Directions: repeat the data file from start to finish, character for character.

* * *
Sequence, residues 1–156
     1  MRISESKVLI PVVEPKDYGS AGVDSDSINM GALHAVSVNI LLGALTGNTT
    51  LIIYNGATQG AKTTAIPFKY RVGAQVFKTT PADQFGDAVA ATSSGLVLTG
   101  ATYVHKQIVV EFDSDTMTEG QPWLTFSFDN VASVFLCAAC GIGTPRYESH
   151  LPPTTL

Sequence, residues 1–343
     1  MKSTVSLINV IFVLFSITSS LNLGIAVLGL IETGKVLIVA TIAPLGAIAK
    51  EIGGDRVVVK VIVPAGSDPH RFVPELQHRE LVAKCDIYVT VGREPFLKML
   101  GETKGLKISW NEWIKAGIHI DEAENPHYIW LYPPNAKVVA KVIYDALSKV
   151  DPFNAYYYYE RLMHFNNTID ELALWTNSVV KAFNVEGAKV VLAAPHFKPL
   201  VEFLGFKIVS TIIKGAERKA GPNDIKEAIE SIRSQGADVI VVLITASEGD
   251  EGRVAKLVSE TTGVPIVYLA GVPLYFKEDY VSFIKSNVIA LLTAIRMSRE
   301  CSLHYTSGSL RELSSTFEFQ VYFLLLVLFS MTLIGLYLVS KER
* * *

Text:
Sequence, residues 1–156
     1  MRISESKVLI PVVEPKDYGS AGVDSDSINM GALHAVSVNI LLGALTGNTT
    51  LIIYNGATQG AKTTAIPFKY RVGAQVFKTT PADQFGDAVA ATSSGLVLTG
   101  ATYVHKQIVV EFDSDTMTEG QPWLTFSFDN VASVFLCAAC GIGTPRYESH
   151  LPPTTL

Sequence, residues 1–343
     1  MKSTVSLINV IFVLFSITSS LNLGIAVLGL IETGKVLIVA TIAPLGAIAK
    51  EIGGDRVVVK VIVPAGSDPH RFVPELQHRE LVAKCDIYVT VGREPFLKML
   101  GETKGLKISW NEWIKAGIHI DEAENPHYIW LYPPNAKVVA KVIYDALSKV
   151  DPFNAYYYYE RLMHFNNTID ELALWTNSVV KAFNVEGAKV VLAAPHFKPL
   201  VEFLGFKIVS TIIKGAERKA GPNDIKEAIE SIRSQGADVI VVLITASEGD
   251  EGRVAKLVSE TTGVPIVYLA GVPLYFKEDY VSFIKSNVIA LLTAIRMSRE
   301  CSLHYTSGSL RELSSTFEFQ VYFLLLVLFS MTLIGLYLVS KER